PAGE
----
If you only have one day in my lovely home town of Weymouth, I want to help you make the most of it. So I’ve put together this guide to the top things to do in Weymouth.
More and more cruises are stopping in Portland Harbour (which is right next door). So there are plenty of people who only have one day to explore this beautiful, traditional British seaside town.
Whether you’re on a cruise layover, or simply taking a day trip, there’s so much to discover in my home town.
And what better way to do that than with top tips from someone who really knows? I was born and raised in Weymouth! Although I moved away at eighteen, it’s still home, and I go back at least once a month. So this is an absolute local’s guide to the very best Weymouth attractions.
- 6 Best Things to do in Weymouth
- How to Get to Weymouth from Portland
- Further Afield: Things to do Near Weymouth
Obviously, the biggest Weymouth attraction is the beach. It’s a beautiful stretch of golden sand in a sheltered bay, and justifiably one of the most popular things to do in Weymouth. Since I feel like it goes without saying, I’m not including our lovely beach on the list below…
RELATED POST: 19 of the Best Beaches in Dorset
Walk Along the Georgian Seafront
The beach has been one of the biggest Weymouth attractions for a long time. However, it wasn’t always as popular as it is today! What put our little town on the map was King George III, who started visiting in 1789 to bathe in the sea for his health. As a result, Weymouth became an almost instant tourist hotspot. A sweeping terrace of Georgian townhouses still lines the bay today, making the esplanade a beautiful spot for a walk.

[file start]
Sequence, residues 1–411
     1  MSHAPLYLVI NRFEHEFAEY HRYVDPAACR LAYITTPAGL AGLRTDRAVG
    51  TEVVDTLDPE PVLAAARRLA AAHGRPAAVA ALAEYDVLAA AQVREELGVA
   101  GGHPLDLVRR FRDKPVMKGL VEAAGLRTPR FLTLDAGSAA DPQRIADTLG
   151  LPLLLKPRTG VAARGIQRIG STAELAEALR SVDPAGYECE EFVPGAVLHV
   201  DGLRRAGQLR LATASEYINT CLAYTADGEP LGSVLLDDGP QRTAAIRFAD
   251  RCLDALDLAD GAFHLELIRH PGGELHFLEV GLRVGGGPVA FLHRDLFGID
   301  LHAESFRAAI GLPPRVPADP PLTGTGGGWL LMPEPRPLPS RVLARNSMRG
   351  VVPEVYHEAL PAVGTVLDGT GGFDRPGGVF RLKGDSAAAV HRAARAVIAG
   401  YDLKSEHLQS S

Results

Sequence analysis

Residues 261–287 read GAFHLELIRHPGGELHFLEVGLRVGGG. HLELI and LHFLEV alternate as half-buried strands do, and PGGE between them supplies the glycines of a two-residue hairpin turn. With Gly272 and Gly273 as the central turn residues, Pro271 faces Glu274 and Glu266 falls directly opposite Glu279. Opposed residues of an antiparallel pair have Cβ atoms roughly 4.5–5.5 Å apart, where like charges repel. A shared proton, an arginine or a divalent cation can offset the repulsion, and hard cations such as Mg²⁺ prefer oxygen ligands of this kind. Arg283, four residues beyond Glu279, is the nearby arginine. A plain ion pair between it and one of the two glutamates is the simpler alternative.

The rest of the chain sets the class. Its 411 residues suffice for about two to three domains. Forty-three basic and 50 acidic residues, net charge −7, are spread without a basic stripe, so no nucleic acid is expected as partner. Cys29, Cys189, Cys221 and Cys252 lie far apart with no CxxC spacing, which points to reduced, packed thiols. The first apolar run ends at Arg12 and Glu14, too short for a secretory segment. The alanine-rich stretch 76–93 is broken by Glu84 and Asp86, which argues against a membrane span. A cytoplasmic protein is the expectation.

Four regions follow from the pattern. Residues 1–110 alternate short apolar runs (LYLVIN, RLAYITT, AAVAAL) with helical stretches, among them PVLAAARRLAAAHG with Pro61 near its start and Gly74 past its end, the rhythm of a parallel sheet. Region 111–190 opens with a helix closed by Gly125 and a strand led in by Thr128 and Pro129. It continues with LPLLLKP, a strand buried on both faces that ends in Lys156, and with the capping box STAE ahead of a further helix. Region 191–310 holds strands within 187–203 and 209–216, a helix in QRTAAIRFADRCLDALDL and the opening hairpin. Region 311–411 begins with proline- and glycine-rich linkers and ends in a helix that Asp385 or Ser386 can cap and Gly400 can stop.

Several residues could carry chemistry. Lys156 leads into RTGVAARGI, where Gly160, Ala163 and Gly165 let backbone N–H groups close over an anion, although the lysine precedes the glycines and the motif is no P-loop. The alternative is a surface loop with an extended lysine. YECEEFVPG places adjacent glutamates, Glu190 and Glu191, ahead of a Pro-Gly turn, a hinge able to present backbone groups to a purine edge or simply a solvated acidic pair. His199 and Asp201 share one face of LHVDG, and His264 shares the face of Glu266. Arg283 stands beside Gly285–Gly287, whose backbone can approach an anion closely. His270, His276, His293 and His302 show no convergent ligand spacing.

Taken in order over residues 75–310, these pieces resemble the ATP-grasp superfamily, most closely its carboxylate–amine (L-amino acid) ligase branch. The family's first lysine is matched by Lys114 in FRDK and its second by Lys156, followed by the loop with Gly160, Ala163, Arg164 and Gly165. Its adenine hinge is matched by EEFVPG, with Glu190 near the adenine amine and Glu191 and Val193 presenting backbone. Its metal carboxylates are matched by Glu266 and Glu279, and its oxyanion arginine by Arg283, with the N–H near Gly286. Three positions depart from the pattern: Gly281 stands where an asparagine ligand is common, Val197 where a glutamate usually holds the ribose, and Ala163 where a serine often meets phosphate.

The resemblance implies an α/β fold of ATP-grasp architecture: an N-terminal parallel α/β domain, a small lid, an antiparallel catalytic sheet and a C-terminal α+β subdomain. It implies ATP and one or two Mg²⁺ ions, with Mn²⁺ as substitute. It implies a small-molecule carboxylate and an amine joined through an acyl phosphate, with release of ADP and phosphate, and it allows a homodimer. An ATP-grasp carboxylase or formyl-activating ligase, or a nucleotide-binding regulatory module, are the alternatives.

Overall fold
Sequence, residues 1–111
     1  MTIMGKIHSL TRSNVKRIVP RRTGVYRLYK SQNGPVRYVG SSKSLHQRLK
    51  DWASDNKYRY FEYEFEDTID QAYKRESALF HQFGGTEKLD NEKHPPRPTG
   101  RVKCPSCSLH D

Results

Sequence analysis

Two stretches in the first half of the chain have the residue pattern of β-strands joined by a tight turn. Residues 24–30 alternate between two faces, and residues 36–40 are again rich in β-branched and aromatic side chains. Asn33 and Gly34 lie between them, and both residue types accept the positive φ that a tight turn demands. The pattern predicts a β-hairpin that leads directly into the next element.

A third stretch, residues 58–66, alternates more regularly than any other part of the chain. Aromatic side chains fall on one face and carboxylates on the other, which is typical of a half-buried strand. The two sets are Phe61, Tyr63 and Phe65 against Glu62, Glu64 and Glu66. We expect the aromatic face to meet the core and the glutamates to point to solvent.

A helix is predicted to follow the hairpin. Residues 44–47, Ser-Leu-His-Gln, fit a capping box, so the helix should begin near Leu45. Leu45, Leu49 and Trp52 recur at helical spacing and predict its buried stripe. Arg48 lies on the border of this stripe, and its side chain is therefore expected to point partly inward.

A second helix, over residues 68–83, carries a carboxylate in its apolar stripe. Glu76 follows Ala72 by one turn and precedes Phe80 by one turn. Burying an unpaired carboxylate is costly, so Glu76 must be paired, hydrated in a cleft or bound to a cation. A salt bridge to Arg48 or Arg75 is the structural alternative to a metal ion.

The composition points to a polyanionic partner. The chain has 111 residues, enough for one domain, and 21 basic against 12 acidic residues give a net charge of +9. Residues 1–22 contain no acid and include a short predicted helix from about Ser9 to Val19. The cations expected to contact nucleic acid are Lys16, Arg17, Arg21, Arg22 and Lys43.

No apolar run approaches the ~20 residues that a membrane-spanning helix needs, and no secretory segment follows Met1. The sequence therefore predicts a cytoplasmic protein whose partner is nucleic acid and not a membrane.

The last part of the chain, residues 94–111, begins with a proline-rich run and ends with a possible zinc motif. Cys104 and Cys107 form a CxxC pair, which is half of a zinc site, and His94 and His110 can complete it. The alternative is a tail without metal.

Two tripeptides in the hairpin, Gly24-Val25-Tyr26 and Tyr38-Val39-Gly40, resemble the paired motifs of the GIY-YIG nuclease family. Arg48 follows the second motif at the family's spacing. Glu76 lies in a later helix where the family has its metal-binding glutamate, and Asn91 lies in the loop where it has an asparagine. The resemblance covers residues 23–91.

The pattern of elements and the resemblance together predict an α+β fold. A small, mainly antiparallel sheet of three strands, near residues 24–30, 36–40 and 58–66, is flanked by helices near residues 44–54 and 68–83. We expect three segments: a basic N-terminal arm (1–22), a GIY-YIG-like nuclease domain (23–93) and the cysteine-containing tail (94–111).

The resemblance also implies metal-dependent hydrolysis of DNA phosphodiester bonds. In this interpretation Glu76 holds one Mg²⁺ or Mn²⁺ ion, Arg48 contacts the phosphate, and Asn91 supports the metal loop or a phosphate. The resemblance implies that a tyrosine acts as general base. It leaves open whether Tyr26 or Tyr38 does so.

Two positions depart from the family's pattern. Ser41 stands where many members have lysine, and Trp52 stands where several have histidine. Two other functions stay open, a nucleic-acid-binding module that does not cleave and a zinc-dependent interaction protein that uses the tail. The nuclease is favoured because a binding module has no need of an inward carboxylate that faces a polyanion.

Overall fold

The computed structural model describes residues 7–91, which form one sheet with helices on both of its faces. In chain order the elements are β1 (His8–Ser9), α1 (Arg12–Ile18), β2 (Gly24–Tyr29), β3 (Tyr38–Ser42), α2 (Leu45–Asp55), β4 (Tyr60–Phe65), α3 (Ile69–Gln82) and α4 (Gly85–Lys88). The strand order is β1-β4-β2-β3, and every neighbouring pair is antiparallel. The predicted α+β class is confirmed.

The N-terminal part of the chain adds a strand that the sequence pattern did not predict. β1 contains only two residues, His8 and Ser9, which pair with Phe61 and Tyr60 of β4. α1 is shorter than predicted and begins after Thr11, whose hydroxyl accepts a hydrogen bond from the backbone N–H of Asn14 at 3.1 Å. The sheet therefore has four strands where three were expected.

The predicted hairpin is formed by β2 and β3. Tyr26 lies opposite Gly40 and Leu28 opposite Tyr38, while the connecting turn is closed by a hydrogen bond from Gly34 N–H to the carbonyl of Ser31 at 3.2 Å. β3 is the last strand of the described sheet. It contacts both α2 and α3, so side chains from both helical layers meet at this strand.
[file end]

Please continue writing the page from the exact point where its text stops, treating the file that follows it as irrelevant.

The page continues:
Don’t miss the statue of King George along the seafront – a Grade 1 listed building – or the Jubilee Clock. This red-white-and-blue clock tower was built in 1887 for the Queen Victoria’s jubilee, and it’s a Weymouth institution. If you’re looking for a place to sit and soak up the views of the beach and the pretty Georgian esplanade, these are a few of the best coffee shops and beach bars to enjoy:
- The Boat Cafe (directly on the beach)
- Good Life Cafe
- The Nook
- The Lazy Lizard
- Al Molo
- Rossi’s Ice Cream Parlour
Explore a Traditional British Harbour
One of my favourite things to do in Weymouth also happens to be free! Before the beach became our biggest draw, Weymouth was a fishing town. And our historic harbour was our pride and joy. It’s still a busy working harbour, and one of the prettiest I’ve seen in England (not that I’m biased!).